Friday, October 01, 2004
Let's just say that no one will ever accuse the President of farsightedness. From a report by Andy Coghlan in New Scientist (Oct. 2-8 issue; not yet online):
Retinal cells that could save people's sight have been generated for the first times from human embryonic stem cells. Transplanted into eyes, the cells could be used to treat the conmmonest cause of blindness, age-related macular degeneration.
Researchers at the biotech firm Advanced Cell Technology, based in Worcester, Massachusetts, managed to produce retinal pigment epithelial cells. These nourish nearby photoreceptor cells -- the rods and cones in the retina that respond to light. When epithelial cells start to wear out, in conditions such as age-related macular degeneration, the photoreceptors deteriorate too.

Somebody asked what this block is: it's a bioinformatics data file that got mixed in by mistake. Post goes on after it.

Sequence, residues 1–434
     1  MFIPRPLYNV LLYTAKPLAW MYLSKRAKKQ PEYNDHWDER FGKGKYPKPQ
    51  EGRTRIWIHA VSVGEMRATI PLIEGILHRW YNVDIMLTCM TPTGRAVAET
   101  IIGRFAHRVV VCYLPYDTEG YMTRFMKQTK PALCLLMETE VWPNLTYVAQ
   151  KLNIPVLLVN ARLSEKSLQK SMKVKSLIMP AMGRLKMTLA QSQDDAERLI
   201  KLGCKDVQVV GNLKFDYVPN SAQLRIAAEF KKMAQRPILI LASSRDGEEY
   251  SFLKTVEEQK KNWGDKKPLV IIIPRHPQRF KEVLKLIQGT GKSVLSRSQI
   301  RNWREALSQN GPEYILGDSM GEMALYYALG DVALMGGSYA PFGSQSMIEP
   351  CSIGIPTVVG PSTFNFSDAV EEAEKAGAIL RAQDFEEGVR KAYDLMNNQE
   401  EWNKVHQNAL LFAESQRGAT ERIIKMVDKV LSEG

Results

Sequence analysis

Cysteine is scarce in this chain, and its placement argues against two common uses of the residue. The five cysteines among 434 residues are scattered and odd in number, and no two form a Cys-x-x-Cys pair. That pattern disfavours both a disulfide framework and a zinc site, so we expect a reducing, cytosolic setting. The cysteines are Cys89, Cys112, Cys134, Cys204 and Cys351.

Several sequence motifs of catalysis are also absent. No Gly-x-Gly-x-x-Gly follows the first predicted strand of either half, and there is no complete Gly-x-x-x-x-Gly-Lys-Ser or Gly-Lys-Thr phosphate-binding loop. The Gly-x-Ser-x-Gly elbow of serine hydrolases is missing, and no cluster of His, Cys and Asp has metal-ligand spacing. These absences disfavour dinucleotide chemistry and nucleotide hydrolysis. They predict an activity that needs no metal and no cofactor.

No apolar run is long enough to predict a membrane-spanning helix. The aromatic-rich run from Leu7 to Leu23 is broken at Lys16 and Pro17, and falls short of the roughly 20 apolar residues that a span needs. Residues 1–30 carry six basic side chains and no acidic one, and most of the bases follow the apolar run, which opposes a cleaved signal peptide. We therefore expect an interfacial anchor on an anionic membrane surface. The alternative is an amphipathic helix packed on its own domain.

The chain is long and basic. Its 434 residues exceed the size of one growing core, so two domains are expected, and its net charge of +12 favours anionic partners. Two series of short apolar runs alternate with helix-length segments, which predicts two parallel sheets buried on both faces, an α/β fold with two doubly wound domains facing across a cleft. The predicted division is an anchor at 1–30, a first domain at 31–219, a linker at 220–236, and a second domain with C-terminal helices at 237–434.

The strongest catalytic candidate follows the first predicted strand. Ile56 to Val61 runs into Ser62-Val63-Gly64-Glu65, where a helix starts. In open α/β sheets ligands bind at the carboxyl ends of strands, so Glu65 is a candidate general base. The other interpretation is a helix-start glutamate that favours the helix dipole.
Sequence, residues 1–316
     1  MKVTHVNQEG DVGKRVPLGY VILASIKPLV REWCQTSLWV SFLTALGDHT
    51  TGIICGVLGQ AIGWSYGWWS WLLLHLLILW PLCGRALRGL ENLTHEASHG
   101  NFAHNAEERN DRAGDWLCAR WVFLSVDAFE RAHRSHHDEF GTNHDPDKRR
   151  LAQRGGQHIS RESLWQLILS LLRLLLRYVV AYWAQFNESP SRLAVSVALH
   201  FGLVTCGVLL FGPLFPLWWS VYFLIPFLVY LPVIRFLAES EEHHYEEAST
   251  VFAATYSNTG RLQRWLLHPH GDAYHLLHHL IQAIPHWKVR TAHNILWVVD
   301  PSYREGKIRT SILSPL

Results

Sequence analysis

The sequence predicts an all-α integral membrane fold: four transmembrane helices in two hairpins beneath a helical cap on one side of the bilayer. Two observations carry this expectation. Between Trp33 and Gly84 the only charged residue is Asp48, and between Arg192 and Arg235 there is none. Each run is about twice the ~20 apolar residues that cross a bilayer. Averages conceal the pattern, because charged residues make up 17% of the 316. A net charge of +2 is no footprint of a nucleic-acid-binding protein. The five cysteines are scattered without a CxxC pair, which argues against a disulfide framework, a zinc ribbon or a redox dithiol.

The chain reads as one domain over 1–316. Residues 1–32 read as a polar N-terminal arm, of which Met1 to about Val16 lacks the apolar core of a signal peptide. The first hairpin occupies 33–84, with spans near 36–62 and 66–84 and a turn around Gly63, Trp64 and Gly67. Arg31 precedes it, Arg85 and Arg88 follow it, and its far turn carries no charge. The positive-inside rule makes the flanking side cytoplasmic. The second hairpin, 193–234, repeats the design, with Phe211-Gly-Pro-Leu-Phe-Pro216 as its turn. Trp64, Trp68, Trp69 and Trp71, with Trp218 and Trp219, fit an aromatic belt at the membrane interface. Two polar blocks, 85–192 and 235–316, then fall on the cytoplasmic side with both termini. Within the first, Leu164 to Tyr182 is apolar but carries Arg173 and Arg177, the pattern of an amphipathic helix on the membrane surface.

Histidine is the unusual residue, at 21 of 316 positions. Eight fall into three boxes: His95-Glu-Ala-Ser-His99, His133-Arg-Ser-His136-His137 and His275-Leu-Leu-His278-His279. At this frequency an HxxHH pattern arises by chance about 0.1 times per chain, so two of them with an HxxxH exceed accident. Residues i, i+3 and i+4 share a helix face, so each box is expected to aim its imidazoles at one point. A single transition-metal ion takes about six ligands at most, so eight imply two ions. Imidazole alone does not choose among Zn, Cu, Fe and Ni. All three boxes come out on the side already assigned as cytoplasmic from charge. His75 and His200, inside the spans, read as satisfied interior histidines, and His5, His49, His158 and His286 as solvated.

Some of ACT's retinal cells spontaneously changed into rods and cones, suggesting it may be possible to replace damaged photoreceptors too . . . .
ACT points out that to make the retinal cells it had to use cell lines that are banned for use in federally funded research in the US. Three years ago President Bush restricted federal researches to using the 70 human embryonic stem cell lines that existed at the time. Only 11 of these are now viable.
When ACT researchers tried to produce the retinal cells using three of the "official" lines, they all failed. "We would not have made this discovery if we had stuck to the lines approved by Bush," says Bob Lanza, head of medical and scientific development at ACT.